A number of recent FCA decisions have grappled with the question of objective falsity, particularly in the context of FCA claims where the alleged falsity is premised on a lack of medical necessity in connection with the medical services provided.  The most recent in this line of cases considered whether a relator alleging nothing more than a difference of medical opinion regarding medical necessity of a particular cardiac procedure failed to plead objective falsity as required to state an FCA claim as a matter of law.

In U.S. ex rel. Polukoff v. St. Mark’s Hospital, 2017 WL 237615 (D. Utah Jan. 19, 2017), the relator alleged that a cardiologist and two Utah hospitals fraudulently billed the government for medically unnecessary cardiac procedures involving the surgical closure of a patent foramen ovale (PFO), which is a “a small opening in the wall separating the two upper chambers of the heart” that exists in about 25% of the population and is typically asymptomatic.  Adults with a PFO have an increased risk of suffering a stroke; although, according to the district court, “[o]pinions regarding the use of a PFO closure to prevent strokes have varied over the past decade.”

The relator, a physician himself, alleged that the defendant cardiologist had performed more PFO closures than other physicians because it was believed the procedure: (1) prevented patients from suffering a stroke; and (2) treated chronic migraines.  During the relevant time period, however, there were no local or national coverage determinations in place relevant to determining whether PFO closures were “reasonable and necessary.”  The relator made only the assertion that unspecified Medicare contractors “follow [American Heart Association (AHA)/American Stroke Association (ASA)] Guidelines” and pinned falsity on the allegation that the defendant cardiologist failed to perform PFO closures “in accordance with generally accepted standards of care.”  The relator otherwise failed to articulate facts that would support plausible inferences of objective falsity; rather, the district court concluded that the relator offered only his own subjective assessment as to when and under what circumstances PFO closures would be appropriate.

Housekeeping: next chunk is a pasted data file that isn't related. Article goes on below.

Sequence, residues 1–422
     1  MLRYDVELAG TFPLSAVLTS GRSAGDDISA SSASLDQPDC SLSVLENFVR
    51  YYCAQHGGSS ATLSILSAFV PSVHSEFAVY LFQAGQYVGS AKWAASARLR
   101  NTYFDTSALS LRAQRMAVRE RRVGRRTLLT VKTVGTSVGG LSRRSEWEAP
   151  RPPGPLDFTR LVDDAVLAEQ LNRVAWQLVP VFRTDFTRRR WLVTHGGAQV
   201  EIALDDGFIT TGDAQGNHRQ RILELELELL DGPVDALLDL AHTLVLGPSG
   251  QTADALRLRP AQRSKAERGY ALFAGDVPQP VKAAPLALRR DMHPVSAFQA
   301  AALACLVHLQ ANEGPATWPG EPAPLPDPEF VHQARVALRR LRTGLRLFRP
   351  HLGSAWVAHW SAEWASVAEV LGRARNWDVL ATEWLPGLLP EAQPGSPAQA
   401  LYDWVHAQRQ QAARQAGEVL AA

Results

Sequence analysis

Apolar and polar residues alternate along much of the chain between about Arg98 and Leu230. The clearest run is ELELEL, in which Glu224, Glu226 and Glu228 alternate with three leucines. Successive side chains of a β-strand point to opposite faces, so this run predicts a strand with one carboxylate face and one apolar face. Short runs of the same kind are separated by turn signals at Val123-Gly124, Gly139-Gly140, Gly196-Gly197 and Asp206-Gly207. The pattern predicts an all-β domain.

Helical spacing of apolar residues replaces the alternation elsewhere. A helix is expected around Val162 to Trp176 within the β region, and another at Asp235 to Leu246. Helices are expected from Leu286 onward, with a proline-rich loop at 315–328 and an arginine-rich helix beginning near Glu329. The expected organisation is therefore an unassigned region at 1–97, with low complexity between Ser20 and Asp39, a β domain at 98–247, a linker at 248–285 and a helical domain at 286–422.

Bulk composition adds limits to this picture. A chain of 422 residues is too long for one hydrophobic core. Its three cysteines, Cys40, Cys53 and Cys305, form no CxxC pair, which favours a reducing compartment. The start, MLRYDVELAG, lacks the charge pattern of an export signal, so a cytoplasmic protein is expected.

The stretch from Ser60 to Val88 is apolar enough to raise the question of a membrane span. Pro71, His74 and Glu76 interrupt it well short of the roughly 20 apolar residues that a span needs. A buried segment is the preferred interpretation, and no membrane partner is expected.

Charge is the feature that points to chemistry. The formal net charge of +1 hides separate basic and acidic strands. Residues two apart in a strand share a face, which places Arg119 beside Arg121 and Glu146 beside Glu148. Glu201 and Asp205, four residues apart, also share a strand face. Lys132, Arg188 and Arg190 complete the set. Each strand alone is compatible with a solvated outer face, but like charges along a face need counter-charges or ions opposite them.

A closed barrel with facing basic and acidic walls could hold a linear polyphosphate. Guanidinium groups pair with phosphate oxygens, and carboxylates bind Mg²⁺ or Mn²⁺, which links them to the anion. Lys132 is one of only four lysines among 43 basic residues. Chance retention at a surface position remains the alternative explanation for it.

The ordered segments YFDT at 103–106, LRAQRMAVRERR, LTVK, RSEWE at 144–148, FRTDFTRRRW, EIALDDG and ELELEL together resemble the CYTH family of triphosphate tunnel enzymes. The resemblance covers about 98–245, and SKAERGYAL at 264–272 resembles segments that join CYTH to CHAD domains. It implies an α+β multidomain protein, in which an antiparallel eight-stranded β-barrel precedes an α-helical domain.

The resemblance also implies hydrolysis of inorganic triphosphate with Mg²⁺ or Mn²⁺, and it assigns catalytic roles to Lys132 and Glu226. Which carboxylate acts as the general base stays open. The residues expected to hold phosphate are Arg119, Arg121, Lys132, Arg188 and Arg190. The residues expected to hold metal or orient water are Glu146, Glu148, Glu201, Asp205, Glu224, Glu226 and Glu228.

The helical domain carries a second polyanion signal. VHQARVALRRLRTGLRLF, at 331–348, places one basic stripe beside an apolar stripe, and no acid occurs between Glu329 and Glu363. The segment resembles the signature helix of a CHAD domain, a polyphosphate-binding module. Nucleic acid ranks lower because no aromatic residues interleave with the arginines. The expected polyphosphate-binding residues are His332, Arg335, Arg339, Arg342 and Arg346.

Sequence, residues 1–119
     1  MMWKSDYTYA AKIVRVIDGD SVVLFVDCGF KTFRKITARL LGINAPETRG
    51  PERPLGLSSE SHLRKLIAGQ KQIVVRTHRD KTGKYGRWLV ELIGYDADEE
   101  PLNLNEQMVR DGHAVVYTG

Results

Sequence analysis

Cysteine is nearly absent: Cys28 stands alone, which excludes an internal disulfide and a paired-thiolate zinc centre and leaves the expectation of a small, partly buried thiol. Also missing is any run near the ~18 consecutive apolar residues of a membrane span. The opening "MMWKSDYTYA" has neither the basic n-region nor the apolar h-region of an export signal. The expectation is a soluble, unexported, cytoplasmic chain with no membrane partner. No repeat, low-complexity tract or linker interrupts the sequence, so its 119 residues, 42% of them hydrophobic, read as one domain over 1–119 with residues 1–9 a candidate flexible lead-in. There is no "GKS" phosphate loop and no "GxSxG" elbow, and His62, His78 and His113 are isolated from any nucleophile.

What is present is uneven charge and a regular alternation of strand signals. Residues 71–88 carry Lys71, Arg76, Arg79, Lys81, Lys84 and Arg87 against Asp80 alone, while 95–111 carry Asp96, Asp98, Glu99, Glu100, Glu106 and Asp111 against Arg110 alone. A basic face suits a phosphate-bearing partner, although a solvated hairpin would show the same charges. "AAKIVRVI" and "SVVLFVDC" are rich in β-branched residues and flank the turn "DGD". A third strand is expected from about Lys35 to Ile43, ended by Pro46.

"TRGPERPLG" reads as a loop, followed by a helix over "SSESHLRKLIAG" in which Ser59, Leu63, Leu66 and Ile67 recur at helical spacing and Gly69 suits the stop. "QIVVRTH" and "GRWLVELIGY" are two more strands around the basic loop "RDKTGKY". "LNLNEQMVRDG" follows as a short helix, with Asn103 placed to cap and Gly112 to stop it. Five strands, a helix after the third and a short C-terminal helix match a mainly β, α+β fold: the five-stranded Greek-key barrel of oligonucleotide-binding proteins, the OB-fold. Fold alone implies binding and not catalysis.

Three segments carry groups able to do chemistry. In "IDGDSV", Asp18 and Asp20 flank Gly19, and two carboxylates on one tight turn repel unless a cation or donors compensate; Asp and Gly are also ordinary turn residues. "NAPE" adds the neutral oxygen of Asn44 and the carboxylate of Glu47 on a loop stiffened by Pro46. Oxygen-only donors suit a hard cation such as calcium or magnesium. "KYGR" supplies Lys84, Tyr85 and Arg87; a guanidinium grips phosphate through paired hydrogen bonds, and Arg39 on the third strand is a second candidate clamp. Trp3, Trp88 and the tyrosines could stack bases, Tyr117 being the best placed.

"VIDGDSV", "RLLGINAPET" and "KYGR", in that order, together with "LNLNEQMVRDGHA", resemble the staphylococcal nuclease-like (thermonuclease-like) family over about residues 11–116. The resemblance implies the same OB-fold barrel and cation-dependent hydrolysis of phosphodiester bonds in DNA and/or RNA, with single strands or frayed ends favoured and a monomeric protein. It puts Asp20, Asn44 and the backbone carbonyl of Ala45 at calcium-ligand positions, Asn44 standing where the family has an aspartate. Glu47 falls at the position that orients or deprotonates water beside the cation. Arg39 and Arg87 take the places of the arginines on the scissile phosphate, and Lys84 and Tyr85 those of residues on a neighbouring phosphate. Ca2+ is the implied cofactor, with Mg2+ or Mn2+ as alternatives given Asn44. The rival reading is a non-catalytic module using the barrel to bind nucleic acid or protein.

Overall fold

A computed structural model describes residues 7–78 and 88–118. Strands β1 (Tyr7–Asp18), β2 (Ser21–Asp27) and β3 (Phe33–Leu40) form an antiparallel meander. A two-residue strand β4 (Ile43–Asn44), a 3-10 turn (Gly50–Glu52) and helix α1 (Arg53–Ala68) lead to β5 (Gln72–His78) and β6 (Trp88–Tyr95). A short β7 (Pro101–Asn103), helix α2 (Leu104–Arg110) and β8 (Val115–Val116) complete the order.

The district court likewise rejected the relator’s arguments based upon: (1) “AHA/ASA Guidelines” and internal hospital guidelines; (2) the “sheer number” of PFO closures performed by the defendant cardiologist; (3) medical staff reviews and disputes; and (4) the relator’s own review of patient and billing records.  The district court explained that Medicare does not require compliance with industry standards as a precondition of payment, nor could the violation of such a standard, without more, form the basis for FCA liability.

The district court granted the defendants’ motions to dismiss with prejudice and denied the relator’s request for leave to amend the complaint, explaining that the central defect of the complaint—the theory that liability could be premised on the defendants’ allegedly misrepresenting that PFO closures were reasonable and necessary—could not be cured.

As more and more FCA cases pose questions of medical necessity, it is critical that district courts focus on weeding out FCA cases premised on nothing more than a subjective difference of opinion – even where that opinion is offered by a physician.  To this end, the district court’s opinion in Polukoff appropriately cautions that “[o]pinions, medical judgments, and conclusions about which reasonable minds may differ cannot be false for the purposes of an FCA claim” and that FCA “liability may not be premised on subjective interpretations of imprecise statutory language such as medically reasonable and necessary.”  Applying such a level of scrutiny to the question of falsity has become an important litmus test for what has become an increasingly common FCA theory of liability.